The Strength of Story Telling

By Guest Blogger

the strength of story telling

This post was contributed by guest blogger Jack Leeming Editor of Naturejobs, part of Nature magazine.

Humans are built to enjoy, remember, and listen to narratives — take advantage of that in your work

The part of my job I most enjoy is building and telling interesting stories — whether I’m working with a talented journalist to shine light on living as a scientist in Beijing, talking to people about taking beautiful photographs of their studies, reporting on amazing women in science, or asking someone how and why they left academia. Humans are designed to pay attention and enjoy anecdotal forms of information — identifying with a character, building emotional investment and following cause-and-effect relationships are all things almost all of us are programmed to appreciate and understand.

We build narratives around the self, too — when talking to friends or dates or colleagues we tell tales about parts of our lives that tend to have a story structure: beginning, end; cause, effect; lesson, learning. Storytelling is a crucial part of interpersonal communication, which makes honing your ability to tell stories a similarly crucial skill for career advancement.

Scientists do and should tell stories all the time. They provide accounts of their research struggles in papers. They recount accomplishments in talks and interviews. They even tell short stories during weekly lab meetings. When scientists tell good stories, they engage their readers or listeners thus expanding the impact and appreciation for their research.

Long story short, telling a good story is something that can be learned, and will serve you well in your career.

Story Telling at work

Don’t believe me? Here’s an example of storytelling to answer an informational interview question:


“Tell me about a time you had a conflict at work.”


“I did the most work for a paper we were publishing, but when it came time to add author details a different person in the lab wanted to be the first author. When I raised this, he was pretty angry and started arguing with me.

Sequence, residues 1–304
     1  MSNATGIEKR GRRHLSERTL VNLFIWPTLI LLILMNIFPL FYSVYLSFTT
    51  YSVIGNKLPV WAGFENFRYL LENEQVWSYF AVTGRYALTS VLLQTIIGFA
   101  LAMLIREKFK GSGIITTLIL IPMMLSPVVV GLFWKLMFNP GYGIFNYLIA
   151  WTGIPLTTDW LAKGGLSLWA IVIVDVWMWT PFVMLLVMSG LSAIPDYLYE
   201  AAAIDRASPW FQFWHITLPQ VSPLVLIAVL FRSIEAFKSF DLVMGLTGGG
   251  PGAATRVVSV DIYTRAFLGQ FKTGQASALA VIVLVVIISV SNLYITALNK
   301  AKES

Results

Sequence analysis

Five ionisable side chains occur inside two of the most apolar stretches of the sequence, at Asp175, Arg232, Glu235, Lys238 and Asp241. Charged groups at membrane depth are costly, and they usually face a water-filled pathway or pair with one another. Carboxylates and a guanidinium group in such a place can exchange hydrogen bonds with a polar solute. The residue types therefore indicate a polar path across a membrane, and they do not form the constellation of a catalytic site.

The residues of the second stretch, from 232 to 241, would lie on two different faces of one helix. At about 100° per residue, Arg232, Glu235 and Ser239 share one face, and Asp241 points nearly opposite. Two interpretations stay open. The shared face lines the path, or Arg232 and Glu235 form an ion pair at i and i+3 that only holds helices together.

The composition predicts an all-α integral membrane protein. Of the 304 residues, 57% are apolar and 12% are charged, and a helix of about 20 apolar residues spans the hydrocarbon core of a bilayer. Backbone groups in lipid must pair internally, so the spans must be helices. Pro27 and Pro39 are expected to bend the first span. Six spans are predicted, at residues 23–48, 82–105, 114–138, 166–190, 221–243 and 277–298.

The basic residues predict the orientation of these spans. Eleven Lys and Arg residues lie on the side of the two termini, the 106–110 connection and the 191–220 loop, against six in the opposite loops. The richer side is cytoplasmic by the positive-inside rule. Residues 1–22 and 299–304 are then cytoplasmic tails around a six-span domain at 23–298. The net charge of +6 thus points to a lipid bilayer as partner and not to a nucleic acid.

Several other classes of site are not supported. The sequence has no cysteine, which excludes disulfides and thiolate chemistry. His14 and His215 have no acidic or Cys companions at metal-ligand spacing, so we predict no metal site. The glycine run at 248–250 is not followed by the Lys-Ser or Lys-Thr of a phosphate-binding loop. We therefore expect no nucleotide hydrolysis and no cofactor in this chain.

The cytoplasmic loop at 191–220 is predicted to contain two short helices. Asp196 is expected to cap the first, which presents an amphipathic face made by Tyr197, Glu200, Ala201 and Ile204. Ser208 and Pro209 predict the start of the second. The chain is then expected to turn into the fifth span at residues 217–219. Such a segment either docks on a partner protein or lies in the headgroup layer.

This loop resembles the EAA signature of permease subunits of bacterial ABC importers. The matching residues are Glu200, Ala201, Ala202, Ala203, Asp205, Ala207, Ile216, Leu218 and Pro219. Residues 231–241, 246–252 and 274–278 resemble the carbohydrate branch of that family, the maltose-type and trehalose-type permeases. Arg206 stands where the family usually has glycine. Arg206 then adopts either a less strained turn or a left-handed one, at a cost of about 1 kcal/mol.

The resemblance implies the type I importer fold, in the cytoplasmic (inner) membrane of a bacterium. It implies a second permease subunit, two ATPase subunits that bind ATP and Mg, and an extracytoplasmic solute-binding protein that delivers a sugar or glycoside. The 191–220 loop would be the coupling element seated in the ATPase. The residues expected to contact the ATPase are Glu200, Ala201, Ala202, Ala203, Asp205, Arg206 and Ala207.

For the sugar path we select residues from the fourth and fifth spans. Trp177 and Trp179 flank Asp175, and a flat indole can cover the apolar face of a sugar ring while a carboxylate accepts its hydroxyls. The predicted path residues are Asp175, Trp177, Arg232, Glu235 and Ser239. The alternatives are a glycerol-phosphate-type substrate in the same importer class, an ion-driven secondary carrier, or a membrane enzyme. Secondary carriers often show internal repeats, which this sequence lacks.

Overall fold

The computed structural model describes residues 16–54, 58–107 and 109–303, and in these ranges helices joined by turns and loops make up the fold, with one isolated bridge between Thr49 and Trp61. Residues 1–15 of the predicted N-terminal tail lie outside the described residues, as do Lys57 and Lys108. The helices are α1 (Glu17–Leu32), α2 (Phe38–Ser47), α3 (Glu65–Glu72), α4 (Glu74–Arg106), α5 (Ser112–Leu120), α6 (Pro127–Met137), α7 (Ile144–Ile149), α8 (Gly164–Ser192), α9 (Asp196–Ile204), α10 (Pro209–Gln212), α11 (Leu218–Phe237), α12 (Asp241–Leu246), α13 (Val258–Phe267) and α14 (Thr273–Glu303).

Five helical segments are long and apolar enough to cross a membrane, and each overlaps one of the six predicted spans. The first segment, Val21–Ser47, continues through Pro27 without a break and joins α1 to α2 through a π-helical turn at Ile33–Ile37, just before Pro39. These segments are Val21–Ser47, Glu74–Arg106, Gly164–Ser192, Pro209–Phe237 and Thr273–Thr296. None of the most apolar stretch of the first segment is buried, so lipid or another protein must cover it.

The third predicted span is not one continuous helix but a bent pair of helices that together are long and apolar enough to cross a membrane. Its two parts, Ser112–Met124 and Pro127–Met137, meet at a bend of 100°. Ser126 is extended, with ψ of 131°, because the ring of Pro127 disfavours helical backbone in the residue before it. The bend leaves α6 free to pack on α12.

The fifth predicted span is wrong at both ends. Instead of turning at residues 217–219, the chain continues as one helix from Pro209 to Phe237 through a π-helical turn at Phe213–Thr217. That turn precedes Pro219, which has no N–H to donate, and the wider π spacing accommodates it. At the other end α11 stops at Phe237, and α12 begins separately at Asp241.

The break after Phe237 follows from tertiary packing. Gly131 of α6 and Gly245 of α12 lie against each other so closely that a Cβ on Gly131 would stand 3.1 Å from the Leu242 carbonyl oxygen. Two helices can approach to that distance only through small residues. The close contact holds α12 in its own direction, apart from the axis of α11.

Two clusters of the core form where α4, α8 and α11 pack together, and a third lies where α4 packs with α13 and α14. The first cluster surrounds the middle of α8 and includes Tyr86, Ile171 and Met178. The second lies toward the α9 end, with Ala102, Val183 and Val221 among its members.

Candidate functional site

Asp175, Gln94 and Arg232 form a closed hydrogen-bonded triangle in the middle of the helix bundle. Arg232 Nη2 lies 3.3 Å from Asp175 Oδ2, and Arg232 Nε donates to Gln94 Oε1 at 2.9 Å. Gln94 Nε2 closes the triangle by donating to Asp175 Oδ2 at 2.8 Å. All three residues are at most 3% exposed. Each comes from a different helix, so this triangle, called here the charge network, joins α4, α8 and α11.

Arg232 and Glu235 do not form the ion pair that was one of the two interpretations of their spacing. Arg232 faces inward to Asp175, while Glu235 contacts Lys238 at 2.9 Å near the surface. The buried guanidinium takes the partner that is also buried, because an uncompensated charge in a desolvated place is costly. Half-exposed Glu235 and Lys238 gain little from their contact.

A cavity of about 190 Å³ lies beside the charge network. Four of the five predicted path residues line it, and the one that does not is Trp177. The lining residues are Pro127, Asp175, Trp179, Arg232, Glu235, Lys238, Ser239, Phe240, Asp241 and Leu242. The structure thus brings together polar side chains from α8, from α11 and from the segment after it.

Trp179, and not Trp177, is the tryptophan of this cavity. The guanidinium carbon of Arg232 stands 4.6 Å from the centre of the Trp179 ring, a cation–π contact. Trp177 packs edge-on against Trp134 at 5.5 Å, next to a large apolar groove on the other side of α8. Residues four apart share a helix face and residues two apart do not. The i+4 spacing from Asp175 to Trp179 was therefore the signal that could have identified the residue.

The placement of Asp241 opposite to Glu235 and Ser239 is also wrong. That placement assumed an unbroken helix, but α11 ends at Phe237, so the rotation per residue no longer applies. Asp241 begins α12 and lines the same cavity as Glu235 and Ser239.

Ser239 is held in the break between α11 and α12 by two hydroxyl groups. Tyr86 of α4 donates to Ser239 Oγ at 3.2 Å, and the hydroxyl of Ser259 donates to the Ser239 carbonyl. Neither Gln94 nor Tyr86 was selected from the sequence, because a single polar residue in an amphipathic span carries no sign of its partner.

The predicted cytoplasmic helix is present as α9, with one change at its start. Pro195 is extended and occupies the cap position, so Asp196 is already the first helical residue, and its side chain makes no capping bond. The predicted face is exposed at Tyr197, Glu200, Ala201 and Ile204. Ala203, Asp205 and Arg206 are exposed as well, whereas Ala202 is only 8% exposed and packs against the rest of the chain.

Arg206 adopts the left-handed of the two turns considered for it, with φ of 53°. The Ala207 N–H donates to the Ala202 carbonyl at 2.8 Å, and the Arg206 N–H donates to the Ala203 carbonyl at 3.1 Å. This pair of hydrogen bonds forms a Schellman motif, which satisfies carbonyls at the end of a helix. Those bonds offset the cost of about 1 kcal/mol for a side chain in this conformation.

First I calmed the situation down by opening a dialogue specifically about the project and contributions, rather than getting defensive or getting into ‘he said; she said’. We spoke about it for a while and he eventually calmed down, apologised and admitted he’d been under a lot of pressure recently which had affected his judgement.

Eventually, we published the paper in a high-impact journal and it worked out for all of us.”

This is a classic example of the STAR (Situation, Task, Action, Result) interview technique, which has been addressed in much better pieces than I’m able to produce. But it’s also a great example of storytelling – you get context, time, cause, effect, and a solid conclusion.

Advice for Telling a Good Story

Start at the start

Any good story needs a solid point to kick off at. Whatever you’re working on, start wherever it makes sense to start and try to be as chronological as possible — if you find yourself jumping backwards in time to explain something, rethink your structure.

Develop your protagonist

In most cases, the protagonist will be you. Make sure to highlight what lessons you’ve learned and what knowledge you’ve gained. Show that as the story has progressed, you or your lab or science or your CV has grown as well.

Find your audience and fit them

You don’t need to explain as much of your science in a weekly lab meeting as you’ll need to for an outsider. And you won’t need to dive as deep into your research at an outreach event as you might in a scientific paper. Build lots of versions of your story and find the one that fits your audience.

Enjoy the story you’re telling

There’s no point expecting anyone else to enjoy your story if you don’t like it yourself. Be proud of your achievements and accept and acknowledge your failures.

Foster conversation

A story is not a lecture. Make yourself open to conversation — put your work on preprint servers, share your email address far and wide, keep your website up to date, invite people to ask questions, be approachable. Engage with your audience and try to learn from them. Science is a collective endeavour. Your story should be too.

Use drama

Use any rhetorical technique you have in your arsenal to make sure people pay attention. Highlight your lowest points and highest points and make clear what was difficult and what was easy when appropriate. It might not be scientific to bring emotional discovery into a scientific story, but it will ensure that people pay attention.


Nobody gets good overnight. The only way to improve is to keep working on telling a story again and again and again until you work out what people enjoy and engage with and what parts you can leave out. Start viewing your work in the form of a story, and you’ll very quickly get better at telling it.

End at the end

A story needs a good start point and it needs a good end point. One thematically pleasing option is to end at the present — ‘and now I’m here telling this story’ — but there are plenty of other options. Choose something with emotional significance that is likely to be memorable.

Work out what story you want to tell; tell it; stop.

Many thanks to our guest blogger Jack Leeming.

Jack LeemingJack Leeming is an Editor at Nature Jobs.




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Topics: Scientific Sharing, Science Communication

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